Oct. 7 marks the 10th anniversary of America's war in Afghanistan, the longest in U.S. history. On that date in 2001, American bombs began raining down on the Taliban's forces, decimating their ranks. Thousands of Omar's men were killed and wounded; stunned survivors of the massive explosions could only stagger around aimlessly, some bleeding from the nose and ears. The Taliban seemed finished. And yet a decade later the United States is still fighting a war that has taken the lives of nearly 1,800 U.S. troops and now costs more than $9 billion a month, according to the Congressional Research Service. Many Americans have grown fed up with the seemingly endless carnage and expense. President Obama has set a 2014 deadline for the withdrawal of most, if not all U.S. forces, but that's not fast enough for a lot of Americans.

In fact, at least four of the Republican presidential candidates have urged a quicker pullout. "My hunch is the American people want to be out of there as quickly as we can get it done," former Utah governor Jon Huntsman said on a TV talk show earlier this year. Opinion polls suggest he's right. For the GOP candidates, the tantalizing question is whether they can find a way to subscribe to that view without laying themselves open to the charge of being weak on national security. It's clear that America's Afghanistan commitment will be an issue on Election Day 2012.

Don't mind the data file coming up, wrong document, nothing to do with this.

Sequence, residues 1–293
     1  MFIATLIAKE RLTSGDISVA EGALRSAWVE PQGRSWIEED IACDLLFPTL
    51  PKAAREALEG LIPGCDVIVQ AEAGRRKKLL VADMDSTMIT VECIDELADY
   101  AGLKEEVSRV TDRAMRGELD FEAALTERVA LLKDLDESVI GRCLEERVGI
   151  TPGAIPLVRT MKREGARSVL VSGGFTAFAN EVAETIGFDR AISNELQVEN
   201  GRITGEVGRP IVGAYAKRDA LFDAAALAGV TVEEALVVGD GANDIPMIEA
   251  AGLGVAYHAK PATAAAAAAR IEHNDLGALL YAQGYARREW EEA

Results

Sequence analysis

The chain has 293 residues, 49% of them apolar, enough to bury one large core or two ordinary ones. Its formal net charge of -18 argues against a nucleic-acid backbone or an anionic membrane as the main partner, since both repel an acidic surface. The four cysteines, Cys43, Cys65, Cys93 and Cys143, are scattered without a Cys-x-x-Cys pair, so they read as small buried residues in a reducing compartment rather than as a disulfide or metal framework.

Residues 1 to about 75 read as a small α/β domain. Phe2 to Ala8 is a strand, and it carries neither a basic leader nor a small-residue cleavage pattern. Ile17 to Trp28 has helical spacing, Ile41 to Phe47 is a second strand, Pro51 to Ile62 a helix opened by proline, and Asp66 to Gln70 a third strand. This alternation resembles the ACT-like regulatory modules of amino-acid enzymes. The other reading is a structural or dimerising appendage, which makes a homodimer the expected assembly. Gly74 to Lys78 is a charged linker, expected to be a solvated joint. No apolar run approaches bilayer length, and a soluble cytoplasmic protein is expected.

By then the White House desperately wants to show real progress in Afghanistan. This past June, when then–defense secretary Robert Gates made his farewell tour of U.S. bases in Afghanistan, he repeatedly told the troops that he expected positive strides there by the end of the year—and sure enough, the Taliban have been largely expelled from their longtime stomping grounds in the south and east—even from their birthplace, Kandahar. But those impressive gains have been mostly ignored in favor of headline-grabbing insurgent strikes in Kabul: the Mumbai-style rampage at Kabul's Inter-Continental Hotel in June, the 20-hour siege outside the U.S. Embassy on Sept. 13, the suicide-bomb assassination of former president Burhanuddin Rabbani by a supposed Taliban peace envoy on Sept. 20.

And while Americans argue about whether Afghanistan is worth the effort, the Taliban are fighting for their homes. Some have been making war ever since the creation of the Taliban in 1994, and at least a few are veterans of the war against the Soviet occupation of Afghanistan, back in the 1980s. Now they're taking encouragement from the onset of the U.S. military drawdown. "We have not warmed up yet, but the enemy is already leaving," gloats Mullah Abdul Jabar, a Taliban subcommander from Helmand province. That rush to the exits is not good, according to Seth Jones, a RAND Corporation specialist on the Afghan war. In an analysis of Obama's withdrawal timetable published this past May, he warned: "As Winston Churchill observed over a century ago during the British struggles in the Northwest Frontier, time in this area is measured in decades, not months or years. It's a concept that doesn't always come easy to Westerners."

No senior commanders of any consequence have switched sides or given up the fight.